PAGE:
June 28, 2018: Remembering Monica Freedman; Community Activist Passes.

June 28, 2018: Remembering Monica Freedman;
Community Activist Passes.

By L. Hoad HCA.

Always ready for a celebration, Monica loved going out with friends for a meal, especially the annual New Year’s Eve dinner at Hino’s restaurant.

The Hintonburg Community Association (HCA) and the Hintonburg community lost a long-time member and enthusiastic supporter when Monica Freedman died on June 12th.

Many residents will remember Monica at HCA events, coralling people to remind them to renew their memberships or asking them to join the community association. So many of us can trace our membership back to Monica. In addition she was a member of the Board of Directors for many years and was always ready to help with any project.

Monica was born in Cincinnati and immigrated to Kingston in 1965 with her family. She worked at the Prison for Women as a social worker for many years, then with the Elizabeth Fry Society in Kingston and Ottawa.

She arrived in Ottawa in the mid-nineties and joined the HCA Board shortly after that. Active on several HCA committees, she also served on the Board of Newswest for many years.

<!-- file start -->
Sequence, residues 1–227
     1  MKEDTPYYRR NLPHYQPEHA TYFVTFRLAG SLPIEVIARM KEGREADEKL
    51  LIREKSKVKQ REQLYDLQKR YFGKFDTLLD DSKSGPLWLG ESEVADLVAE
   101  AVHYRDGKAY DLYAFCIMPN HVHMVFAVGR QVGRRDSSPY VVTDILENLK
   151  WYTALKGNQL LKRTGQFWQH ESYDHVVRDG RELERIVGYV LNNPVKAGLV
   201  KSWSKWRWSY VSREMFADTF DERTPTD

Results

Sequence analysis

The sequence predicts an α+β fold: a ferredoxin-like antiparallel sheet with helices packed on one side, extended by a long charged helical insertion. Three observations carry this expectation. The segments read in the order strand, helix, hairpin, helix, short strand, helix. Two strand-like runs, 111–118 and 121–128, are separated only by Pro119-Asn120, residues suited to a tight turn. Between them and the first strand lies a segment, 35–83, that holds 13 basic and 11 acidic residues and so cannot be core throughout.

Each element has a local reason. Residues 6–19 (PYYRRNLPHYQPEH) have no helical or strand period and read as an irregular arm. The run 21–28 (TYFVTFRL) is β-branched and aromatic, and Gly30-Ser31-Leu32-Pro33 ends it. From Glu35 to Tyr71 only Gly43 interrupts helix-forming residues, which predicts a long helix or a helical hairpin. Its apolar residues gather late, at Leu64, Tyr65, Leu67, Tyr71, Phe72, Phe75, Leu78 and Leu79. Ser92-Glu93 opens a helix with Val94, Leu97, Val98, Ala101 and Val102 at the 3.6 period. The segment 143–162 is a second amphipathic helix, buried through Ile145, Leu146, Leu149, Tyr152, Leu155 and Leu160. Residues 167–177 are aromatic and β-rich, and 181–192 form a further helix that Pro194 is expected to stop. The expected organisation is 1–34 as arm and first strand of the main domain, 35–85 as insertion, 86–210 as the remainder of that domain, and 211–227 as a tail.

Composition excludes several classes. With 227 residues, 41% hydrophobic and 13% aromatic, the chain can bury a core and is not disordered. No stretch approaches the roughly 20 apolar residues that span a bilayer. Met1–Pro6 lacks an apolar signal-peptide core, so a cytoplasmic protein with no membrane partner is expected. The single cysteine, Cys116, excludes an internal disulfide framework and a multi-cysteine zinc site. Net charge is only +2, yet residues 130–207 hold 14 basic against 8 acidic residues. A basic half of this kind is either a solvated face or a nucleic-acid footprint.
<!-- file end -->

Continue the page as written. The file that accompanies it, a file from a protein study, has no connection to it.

Monica was the ‘eyes on the street’ for Hinton Avenue where she lived until 2005. She chatted with all her neighbours and kept up with the comings and goings. In 2009, after a few years in an apartment on Parkdale Avenue, Monica moved to the Grace Manor due to increasing mobility issues. She continued to attend meetings and events, cheerful as ever in her wheelchair. Always ready for a celebration, Monica loved going out with friends for a meal, especially the annual New Year’s Eve dinner at Hino’s restaurant.

We were pleased to organize an informal Celebration of Life for Monica and her family from Toronto and Alberta to let them know how much she was appreciated and remembered.

Donations in her memory can be made to the Elizabeth Fry Society of Ottawa at http://CanadaHelps.org .

With the support of Monica’s family the HCA will plant a tree in Monica’s memory this fall in a Hintonburg park.

Photo Caption: Long time Social Worker and community activist, Monica Freedman, shown with Mayor Jim Watson, was an energetic contributor to many community undertakings, including several terms on the Newswest Board of Directors. Photo courtesy of the Hintonburg Community Association.

Photo Caption: Dining at a local restaurant

Photo Caption: A younger Monica, and Monica at the Annual Hintonburg Kingle Event.

April 12, 2018: A West End Garden Legacy; Sherry Clarke’s enduring work.

April 12, 2018: A West End Garden Legacy;
Sherry Clarke’s enduring work.

By Deb Chapman.

When you have three kids under the age of ten and live close to a park, that park becomes like a second home. That was the case for Sherry Clarke who lived just half a block away from the Clare Gardens Park on Evered.